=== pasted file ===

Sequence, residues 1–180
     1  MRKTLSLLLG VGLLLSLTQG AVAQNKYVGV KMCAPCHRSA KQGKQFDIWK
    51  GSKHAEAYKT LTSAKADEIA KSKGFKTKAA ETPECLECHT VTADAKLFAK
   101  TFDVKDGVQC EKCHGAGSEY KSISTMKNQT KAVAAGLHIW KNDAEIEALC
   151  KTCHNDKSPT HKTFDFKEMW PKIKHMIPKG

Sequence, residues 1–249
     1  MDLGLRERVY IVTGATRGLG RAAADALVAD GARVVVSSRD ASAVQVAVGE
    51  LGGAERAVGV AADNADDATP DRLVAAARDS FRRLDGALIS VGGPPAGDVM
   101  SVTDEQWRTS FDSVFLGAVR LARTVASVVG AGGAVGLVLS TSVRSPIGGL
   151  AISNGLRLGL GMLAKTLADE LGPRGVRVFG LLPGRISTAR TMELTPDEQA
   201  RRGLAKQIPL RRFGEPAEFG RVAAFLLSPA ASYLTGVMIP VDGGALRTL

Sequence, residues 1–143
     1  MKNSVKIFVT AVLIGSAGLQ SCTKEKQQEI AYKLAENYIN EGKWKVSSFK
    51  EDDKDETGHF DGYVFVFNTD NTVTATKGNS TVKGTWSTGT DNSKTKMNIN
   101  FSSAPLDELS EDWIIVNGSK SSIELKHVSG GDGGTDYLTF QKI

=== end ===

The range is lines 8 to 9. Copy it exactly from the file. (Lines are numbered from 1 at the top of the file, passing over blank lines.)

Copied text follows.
    51  LGGAERAVGV AADNADDATP DRLVAAARDS FRRLDGALIS VGGPPAGDVM
   101  SVTDEQWRTS FDSVFLGAVR LARTVASVVG AGGAVGLVLS TSVRSPIGGL